Shane Smith and the Saints typically only perform original songs, and for good reason: Group frontman Shane Smith says he often has a difficult time finding a connection to music that he didn't write himself. However, for "Last Train to Heaven" -- off the group's Hail Mary album, he made an exception. Read on to find out why, as told by the artist himself.

Tyler Bryant is a good friend of mine -- his band is called Tyler Bryant and the Shakedown. They're a super-talented rock band that tour with all kinds of really, really big groups -- like, household-name rock bands. He and his band have put in so much legwork of their own over the years.

Our manager, Tim Porter, is a very close friend of his, and had heard him play that song at one point in time. I guess that he had recorded a demo but didn't have any plans to do a full recording of it quite yet. And Porter had mentioned it to me, and said, "Man, Tyler has this song that, when I heard it, I immediately thought of you and your guys, and the harmonies that y'all can put on it. I just felt like it would be a hit if y'all could get together and get permission to record it, just give it a shot and see how it sounds."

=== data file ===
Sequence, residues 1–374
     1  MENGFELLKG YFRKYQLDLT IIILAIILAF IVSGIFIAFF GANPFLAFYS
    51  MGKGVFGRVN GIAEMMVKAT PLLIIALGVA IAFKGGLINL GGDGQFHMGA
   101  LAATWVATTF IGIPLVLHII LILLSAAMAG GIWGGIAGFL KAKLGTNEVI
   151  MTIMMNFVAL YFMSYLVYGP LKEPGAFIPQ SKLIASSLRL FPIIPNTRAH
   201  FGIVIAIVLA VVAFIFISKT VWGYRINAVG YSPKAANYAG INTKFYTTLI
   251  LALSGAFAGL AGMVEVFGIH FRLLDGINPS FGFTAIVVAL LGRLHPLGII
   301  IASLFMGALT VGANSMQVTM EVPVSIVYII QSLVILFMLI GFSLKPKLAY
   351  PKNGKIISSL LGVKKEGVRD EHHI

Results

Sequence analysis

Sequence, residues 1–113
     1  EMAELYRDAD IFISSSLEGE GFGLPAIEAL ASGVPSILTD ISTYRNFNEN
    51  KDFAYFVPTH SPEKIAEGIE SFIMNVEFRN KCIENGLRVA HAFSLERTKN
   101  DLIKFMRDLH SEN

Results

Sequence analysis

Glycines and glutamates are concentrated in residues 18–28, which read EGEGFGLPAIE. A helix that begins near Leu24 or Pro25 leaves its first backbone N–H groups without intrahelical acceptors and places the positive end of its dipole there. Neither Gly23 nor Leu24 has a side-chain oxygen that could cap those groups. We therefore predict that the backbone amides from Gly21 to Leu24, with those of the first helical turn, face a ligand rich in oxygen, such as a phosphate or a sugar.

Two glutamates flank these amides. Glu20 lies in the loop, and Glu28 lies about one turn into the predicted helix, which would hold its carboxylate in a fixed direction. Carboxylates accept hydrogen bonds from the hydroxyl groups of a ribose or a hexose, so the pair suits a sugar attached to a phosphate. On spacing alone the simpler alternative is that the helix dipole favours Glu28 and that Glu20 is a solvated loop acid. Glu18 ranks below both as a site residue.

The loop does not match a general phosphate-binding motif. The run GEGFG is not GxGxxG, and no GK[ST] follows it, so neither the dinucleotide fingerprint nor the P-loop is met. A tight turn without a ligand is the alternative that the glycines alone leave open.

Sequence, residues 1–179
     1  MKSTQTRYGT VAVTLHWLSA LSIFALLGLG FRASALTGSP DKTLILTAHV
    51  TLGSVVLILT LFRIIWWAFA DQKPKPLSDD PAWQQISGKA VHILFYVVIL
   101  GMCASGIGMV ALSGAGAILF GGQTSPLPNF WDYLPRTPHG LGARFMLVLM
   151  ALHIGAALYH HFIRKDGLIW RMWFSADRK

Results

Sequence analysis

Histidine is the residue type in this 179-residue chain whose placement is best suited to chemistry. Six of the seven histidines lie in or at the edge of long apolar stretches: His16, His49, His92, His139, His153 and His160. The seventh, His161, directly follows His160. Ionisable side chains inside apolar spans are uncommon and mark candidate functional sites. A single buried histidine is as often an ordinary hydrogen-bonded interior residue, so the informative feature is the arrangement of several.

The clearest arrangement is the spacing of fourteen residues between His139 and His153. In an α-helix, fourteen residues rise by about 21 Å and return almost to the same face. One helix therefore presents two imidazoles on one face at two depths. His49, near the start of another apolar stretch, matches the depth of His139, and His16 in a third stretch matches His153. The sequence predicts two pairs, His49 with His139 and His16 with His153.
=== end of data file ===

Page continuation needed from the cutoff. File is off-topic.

I was like, "Okay, let me check it out." And usually, I have a really difficult time recording music I didn't write. I just have a hard time getting myself to a headspace and a comfortability of, like, feeling a personal connection to it. I don't know why it is, but I have a very difficult time performing stuff that I can't connect with on a personal level, and I've gotten so used to playing original music over the years that I think it's just made it worse and worse and worse.

But I was singing that song, and the chorus was just such a powerful chorus, and such a well-written song. I got in the studio with it and just went over and over and over it, almost getting to know it. Eventually, we got some takes that made sense for all of us, playing it live in the studio and getting a vocal take that made sense. It just came together.